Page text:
The Gold Standard, deflation and financial crisis in the great depression:an international comparison By: Ben Bernanke & Harold James
ABSTRACT • “Theory suggests that falling prices, by reducing the net worth of banks and borrowers, can affect flows of credit and thus real activity…we confirm that countries which were more vulnerable to severe banking panics also suffered much worse depressions, as did countries which remained on the gold standard.”
Introduction • Temin (1989): structural flaws of the interwar gold standard, in conjunction with policy responses dictated by the gold standard’s “rules of the game”, made an international monetary contraction and deflation almost inevitable. • Hamilton (1987-88): “the defense of gold standard parities added to the deflationary pressure.” • Deflation may have induced depression through real wage and interest rate effects, or the disruptive effect of deflation on the financial system(this being the paper’s primary focus). • Fisher (1933): “Debt-Deflation” was an important cause of banking panics which occurred in a number of countries in the early 1930’s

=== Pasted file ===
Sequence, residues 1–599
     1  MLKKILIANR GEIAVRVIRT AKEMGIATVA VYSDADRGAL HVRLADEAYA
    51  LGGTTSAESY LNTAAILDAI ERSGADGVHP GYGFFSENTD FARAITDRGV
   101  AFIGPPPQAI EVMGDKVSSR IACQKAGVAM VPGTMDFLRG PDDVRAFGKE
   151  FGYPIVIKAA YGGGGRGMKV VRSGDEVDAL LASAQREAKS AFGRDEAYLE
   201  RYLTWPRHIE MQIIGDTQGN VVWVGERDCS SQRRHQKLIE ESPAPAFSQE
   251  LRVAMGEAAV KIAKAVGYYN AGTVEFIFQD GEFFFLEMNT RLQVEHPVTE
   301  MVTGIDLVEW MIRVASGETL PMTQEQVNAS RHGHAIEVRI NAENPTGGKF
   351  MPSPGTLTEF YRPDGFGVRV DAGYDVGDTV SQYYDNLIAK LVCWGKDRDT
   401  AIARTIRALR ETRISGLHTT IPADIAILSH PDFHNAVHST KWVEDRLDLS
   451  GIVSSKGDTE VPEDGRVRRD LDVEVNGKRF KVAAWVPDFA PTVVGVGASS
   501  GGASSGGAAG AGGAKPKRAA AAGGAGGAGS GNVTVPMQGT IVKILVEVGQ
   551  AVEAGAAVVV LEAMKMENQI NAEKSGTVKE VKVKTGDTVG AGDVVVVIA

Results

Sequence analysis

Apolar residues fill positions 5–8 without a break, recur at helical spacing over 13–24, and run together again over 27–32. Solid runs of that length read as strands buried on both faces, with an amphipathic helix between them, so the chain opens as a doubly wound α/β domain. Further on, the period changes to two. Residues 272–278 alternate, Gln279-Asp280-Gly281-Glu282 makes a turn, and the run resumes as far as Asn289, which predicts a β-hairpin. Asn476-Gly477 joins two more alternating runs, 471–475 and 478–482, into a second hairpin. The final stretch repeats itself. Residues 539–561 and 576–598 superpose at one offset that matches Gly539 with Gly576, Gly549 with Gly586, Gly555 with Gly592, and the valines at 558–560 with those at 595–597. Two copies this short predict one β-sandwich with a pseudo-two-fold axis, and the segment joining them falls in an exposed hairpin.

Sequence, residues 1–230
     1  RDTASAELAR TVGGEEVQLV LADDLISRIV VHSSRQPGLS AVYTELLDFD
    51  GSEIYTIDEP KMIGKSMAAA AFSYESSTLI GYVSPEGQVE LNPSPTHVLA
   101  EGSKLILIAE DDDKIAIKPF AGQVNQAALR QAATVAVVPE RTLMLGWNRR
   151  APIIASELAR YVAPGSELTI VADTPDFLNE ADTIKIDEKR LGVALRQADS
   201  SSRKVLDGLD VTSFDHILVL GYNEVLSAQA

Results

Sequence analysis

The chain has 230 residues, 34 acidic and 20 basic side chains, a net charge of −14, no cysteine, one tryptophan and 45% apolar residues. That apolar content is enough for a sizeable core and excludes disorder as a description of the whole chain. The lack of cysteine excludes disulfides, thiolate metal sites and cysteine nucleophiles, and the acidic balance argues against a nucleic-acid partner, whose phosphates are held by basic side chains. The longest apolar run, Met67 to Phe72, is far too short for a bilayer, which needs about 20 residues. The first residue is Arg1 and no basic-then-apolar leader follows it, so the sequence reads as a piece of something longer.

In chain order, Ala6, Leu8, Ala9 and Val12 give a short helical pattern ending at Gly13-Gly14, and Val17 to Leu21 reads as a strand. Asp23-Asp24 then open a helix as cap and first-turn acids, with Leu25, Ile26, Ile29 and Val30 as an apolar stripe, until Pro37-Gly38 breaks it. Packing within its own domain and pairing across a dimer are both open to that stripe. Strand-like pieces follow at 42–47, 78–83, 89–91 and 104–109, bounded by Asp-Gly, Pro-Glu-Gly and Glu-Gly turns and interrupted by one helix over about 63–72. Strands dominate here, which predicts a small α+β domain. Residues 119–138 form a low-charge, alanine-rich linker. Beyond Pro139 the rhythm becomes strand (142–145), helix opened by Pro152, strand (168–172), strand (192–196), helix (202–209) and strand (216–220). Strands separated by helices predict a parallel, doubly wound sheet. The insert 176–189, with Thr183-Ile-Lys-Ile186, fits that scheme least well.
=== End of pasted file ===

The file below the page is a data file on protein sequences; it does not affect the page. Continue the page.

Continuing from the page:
The Gold Standard and Deflation • Mismanaged Interwar gold standard was responsible for the worldwide deflation of the late 1920’s and early 1930’s. • Gold Standard : Suspended at the outbreak of WWI. • Not itself unusual. • Bordo& Kydland (1990): Should be considered part of its normal operation. • Create reputation to return at pre-war parity. • End up returning somewhere near that parity. • Would have made it easier for Gov’t to sell nominal bonds and effectively allow the war to be financed at a lower total cost.
The Gold Standard and Deflation • Thus, desire to return to gold standard in early 1920’s was strong. • However there was the perception that there was not enough gold available to satisfy world money demands without deflation.
The Gold Standard and Deflation • Interwar Standard Est. 1925-28 and had substantially broken down by 1931 and disappeared by 1936. • Temin (1989): “the war itself was the shock that initiated the Depression…reparations claims and international war debts generated fiscal burdens and fiscal uncertainty • Ineffective cooperation amoung C.B. > no one to take responsibility for system as a whole.